The open loop embodiment of multi-stage optical amplifier 10 can have three or more lengths of amplifier fiber. Referring now to FIG. 9, an embodiment of multi-stage optical amplifier 10 is illustrated with third length of amplifier fiber 42 coupled to a third pump source 60 which is turn is coupled to a third pump input port 62. WDM coupler 64 is coupled to third pump input port 62. Some or all of first, second and third pump sources 20, 52 and 60 can be laser diode sources. Pump source 60 produces a pump beam of wavelength λp3. Wavelengths λp1, λp2 and λp3 can be the same or different. Pump sources 20, 44 and 60 collectively produce pump beam of wavelength λp. An amplified signal is then output through signal output port 24.

As illustrated in FIGS. 10 and 11 each of pump source 20, 52 and 60 can include multiple pump sources whose outputs can be combined using wavelength and polarization multiplexing. Multiple combination ratings 66 and PBS's 68 can be utilized. Additionally, some or all of the multiple pump sources which comprise pump sources 20, 52 and 60 can be laser diodes.

Referring now to FIG. 12, a spectrum broadening device 70 can be coupled to each pump source 20, 52 and 60. This is particularly useful for laser diode pump sources. Spectrum broadening device 70 broadens the spectrum while minimizing Brillouin threshold. Suitable spectrum broadening devices 70 include but are not limited to, (i)a grating that is sufficiently broadband that can be chirped and cascade individual wavelengths, (ii) positioning a grating in a laser diode external cavity to cause appropriate line broadening and (iii) a dithering drive. Additionally pump pulsing can be used to broaden the spectrum.

The Brillouin threshold is reached when the following condition is satisfied: g ~ B = P 0 LD · L eff A eff 18

where

P0 LD=power of laser diode L eff = 1 · [ 1 - exp - L ] effective pumping length

Aeff=effective area of fiber 12 g ~ B = Δ γ B Δ γ B + Δ γ P · g B g ~ B = Δ γ B Δ γ B + Δ γ P · g B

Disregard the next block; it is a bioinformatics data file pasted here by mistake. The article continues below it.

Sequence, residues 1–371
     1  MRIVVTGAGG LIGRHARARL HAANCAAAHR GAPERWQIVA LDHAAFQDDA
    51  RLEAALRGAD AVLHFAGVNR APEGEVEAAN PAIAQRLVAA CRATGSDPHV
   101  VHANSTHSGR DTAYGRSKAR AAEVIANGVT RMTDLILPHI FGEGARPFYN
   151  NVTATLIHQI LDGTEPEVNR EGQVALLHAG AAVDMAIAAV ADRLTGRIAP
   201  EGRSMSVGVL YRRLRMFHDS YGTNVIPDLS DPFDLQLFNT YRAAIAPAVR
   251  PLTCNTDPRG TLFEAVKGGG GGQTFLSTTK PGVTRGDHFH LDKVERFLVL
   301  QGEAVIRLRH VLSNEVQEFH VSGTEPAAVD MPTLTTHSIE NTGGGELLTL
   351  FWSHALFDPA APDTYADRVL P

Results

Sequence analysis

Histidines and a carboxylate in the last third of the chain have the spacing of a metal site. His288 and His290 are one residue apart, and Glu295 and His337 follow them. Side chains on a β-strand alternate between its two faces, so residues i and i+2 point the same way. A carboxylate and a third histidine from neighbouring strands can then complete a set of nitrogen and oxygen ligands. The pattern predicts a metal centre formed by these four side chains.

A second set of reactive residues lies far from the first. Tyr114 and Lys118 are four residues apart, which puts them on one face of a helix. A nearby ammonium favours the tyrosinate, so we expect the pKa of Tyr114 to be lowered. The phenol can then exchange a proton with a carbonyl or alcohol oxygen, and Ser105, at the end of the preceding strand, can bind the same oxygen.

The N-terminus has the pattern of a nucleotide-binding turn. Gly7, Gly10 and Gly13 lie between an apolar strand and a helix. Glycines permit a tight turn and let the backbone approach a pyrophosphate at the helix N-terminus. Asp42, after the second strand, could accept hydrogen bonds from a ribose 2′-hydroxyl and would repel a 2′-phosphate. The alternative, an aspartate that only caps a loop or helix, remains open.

Multi-stage optical amplifier 10 can be an in-line broadband amplifier, a booster amplifier, a broadband pre-amplifier and incorporated in any variety of different broadband communication systems. In another embodiment, illustrated in FIG. 13, the present invention is a broadband booster amplifier 72 that includes a multi-stage optical amplifier 10 coupled to a transmitter 73. Transmitter 73 can include a WDM combiner 74 and a plurality of transmitters 76. The plurality of transmitters 76 transmit a plurality of wavelengths. The plurality of wavelengths may include at least a first band of wavelengths and a second band of wavelengths. With the present invention, a variety of different transmitters 76 can be utilized including but not limited to laser diodes, tunable lasers, or broadband sources such as continuum sources or light-emitting diodes.

FIG. 14 illustrates a broadband pre-amplifier embodiment of the present invention. Broadband pre-amplifier 78 includes multi-stage optical amplifier 10 coupled to a receiver 80. Receiver 80 can include a WDM splitter 82 coupled to a plurality of receivers 84. Suitable receivers 84 include but are not limited to germanium or InGaAs or InGaAsP detectors followed by electronics well known to those skilled in the art.

In another embodiment, illustrated in FIG. 15, the present invention is a broadband communication system 86. In this embodiment, multi-stage optical amplifier 10 is an in-line broadband amplifier. Multi-stage optical amplifier 10 is coupled to one or more transmitters 73 and one or more receivers 80.